Brian Caplen, “Credit Suisse CEO: Clear View Curtails Crisis Fallout,” The Banker, January 1, 2008.
CRS-2 Figure 1. Commercial and Investment Bank Stock Indexes, January 2007- March 2008
Source: Global Financial Data.
The Underlying Financial Problems
CRS Report RL34182 , Financial Crisis? The Liquidity Crunch of August 2007, by Darryl Getter et al., describes the channels through which distress in subprime mortgages spread through the broader financial system. The subprime crisis triggered a ressessment of financial risk that encompassed other markets, including leveraged loans,2 takeover financing, credit derivatives and commercial paper. There was — and still remains — great uncertainty regarding the true value of certain financial instruments, especially those with complex structures or for which active trading markets do not exist. In the changed atmosphere, many market participants became reluctant to extend credit, either because they could not judge the prospective borrower’s financial condition with any confidence, or because they were unsure what the assets in their own capital base would bring, should they be forced to liquidate them to cope with unexpected losses. This reluctance translated into what the Federal Reserve calls tightness, primarily in the interbank lending market, but also in certain consumer and business credit markets. One way to describe the root problem is to call it valuation risk — the information or transparency that facilitates the smooth flow of credit was suddenly lacking. That valuation problems should have so marked an effect is a result of several long-term trends in financial markets:
Risky bank loans equivalent to high-yield “junk” bonds, often made in support of corporate takeovers or buyouts.
the use of complex financial instruments, whose value is often linked by complex formulae to the value of other instruments or financial variables, and for which no active trading markets exist; the practice of moving risky financial speculation off the books, into nominally independent accounting entities, so that the results do not appear in the financial accounts of the parent financial institution; and the growing use of leverage, or borrowed funds, which permits institutions to take larger market positions with a given capital base, increasing potential profits (but also losses).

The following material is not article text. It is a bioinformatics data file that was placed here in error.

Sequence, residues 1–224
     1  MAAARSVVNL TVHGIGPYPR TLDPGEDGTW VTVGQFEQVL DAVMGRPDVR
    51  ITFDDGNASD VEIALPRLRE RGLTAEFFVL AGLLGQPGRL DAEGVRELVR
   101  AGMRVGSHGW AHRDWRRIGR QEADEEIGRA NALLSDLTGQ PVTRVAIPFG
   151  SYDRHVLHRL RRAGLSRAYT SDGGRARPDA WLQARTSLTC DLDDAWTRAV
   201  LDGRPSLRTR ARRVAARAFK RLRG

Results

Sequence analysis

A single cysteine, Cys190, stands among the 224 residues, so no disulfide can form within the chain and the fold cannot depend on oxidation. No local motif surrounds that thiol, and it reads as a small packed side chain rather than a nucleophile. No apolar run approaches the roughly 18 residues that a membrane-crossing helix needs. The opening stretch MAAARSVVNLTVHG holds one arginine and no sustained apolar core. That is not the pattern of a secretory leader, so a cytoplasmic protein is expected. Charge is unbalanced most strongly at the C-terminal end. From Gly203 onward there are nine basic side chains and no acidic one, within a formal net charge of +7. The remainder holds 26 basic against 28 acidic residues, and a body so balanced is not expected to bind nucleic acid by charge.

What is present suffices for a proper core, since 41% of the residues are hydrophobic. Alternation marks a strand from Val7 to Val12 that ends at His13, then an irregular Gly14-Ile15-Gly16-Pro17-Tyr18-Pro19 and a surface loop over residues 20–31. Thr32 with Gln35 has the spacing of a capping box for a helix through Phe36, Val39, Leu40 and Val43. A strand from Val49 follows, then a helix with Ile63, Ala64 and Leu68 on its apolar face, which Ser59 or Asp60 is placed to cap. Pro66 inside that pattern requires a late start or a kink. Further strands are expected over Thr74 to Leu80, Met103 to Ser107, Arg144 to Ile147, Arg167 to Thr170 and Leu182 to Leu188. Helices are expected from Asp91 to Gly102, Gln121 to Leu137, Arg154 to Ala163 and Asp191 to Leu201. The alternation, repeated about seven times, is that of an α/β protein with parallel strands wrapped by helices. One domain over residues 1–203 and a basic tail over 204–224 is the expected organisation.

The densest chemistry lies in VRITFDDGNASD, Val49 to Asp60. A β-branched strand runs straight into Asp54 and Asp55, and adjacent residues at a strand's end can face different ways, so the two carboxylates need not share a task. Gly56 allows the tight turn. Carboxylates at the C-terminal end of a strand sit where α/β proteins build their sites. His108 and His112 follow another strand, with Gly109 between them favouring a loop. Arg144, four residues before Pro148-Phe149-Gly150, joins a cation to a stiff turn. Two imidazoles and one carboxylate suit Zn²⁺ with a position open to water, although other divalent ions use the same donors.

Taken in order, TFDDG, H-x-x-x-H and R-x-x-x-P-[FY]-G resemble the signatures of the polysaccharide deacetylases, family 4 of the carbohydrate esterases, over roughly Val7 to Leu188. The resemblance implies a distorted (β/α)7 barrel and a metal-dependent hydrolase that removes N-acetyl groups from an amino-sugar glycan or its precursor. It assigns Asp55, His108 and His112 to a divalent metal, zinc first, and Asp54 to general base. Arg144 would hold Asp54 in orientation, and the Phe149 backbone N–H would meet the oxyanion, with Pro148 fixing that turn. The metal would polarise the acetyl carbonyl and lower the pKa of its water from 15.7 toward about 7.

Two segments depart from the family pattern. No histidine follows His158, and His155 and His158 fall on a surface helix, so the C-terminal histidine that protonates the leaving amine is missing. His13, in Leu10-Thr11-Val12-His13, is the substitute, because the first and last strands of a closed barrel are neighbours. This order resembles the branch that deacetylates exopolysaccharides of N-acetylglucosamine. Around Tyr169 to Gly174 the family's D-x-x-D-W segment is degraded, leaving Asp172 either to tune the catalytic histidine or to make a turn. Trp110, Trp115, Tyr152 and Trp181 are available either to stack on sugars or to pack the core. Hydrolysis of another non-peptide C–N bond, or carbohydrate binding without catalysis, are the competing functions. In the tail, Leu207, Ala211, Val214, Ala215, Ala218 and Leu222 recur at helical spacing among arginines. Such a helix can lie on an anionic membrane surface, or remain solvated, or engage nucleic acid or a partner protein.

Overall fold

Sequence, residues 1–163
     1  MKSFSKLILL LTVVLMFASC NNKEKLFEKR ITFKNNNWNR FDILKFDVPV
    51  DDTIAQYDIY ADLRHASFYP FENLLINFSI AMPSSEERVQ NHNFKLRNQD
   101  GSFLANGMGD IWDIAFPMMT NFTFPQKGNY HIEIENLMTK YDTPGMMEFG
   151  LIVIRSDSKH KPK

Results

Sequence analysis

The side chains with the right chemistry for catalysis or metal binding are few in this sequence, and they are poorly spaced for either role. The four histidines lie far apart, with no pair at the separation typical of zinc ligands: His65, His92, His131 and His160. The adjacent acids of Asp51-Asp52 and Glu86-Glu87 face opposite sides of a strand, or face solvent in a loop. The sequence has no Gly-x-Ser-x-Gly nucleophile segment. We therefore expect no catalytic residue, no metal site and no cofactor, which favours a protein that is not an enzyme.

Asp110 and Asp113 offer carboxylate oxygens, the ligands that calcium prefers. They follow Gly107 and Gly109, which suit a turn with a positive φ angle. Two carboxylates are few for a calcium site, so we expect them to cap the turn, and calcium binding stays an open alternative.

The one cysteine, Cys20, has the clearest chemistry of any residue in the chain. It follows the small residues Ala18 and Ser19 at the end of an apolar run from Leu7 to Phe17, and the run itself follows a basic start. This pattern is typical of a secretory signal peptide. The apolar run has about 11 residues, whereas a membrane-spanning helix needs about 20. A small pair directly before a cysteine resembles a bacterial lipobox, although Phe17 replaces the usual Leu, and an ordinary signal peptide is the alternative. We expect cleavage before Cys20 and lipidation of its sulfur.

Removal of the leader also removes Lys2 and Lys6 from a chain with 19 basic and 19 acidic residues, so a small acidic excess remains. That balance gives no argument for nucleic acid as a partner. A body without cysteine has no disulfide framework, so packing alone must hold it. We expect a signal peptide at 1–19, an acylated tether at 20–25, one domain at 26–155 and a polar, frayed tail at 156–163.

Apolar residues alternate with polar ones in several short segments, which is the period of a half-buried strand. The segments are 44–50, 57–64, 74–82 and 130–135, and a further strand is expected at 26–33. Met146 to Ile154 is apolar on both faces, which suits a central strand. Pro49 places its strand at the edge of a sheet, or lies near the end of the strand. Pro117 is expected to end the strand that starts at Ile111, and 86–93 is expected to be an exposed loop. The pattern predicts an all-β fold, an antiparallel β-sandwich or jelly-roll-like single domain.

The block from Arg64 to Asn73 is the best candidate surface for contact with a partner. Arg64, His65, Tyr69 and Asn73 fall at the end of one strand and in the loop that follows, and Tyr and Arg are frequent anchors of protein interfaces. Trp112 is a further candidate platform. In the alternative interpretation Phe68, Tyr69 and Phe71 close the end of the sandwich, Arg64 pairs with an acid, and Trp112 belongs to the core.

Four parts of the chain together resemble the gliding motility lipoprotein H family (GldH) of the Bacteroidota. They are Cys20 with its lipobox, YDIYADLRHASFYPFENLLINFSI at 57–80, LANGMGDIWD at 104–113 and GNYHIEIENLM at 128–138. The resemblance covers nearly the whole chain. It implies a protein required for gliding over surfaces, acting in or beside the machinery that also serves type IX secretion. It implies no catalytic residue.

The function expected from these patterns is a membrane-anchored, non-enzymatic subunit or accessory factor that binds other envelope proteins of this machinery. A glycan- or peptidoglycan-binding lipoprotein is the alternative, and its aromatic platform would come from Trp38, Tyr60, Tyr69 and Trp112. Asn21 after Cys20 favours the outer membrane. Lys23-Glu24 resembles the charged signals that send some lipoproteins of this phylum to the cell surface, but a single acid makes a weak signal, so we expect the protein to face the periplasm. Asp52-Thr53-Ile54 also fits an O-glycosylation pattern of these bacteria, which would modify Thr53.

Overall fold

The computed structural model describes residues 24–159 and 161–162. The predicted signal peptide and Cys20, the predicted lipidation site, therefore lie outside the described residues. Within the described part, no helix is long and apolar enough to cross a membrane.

One example that embodies all three trends is the Structured Investment Vehicle, or SIV, an entity created by banks to enable speculation on the relationship between short- and long-term interest rates.
In mid-2007, commercial banks operated several dozen SIVs, with total assets of between $350 billion and $400 billion. Figure 2 illustrates the basic cash flows. The SIV bought long-term debt assets, often mortgage-backed bonds, from which it received interest income. Purchase of these assets was financed by issuing short-term debt, usually commercial paper.3 The SIV’s net revenue was determined by the difference, or spread, between these two cash flows; the operation was profitable so long as the payouts from the assets exceeded interest payments to the commercial paper holders. Figure 2. Structured Investment Vehicle Cash Flows
Commercial paper is used as a source of short-term borrowing by many firms, financial and nonfinancial. The maturity is generally between three months and one year.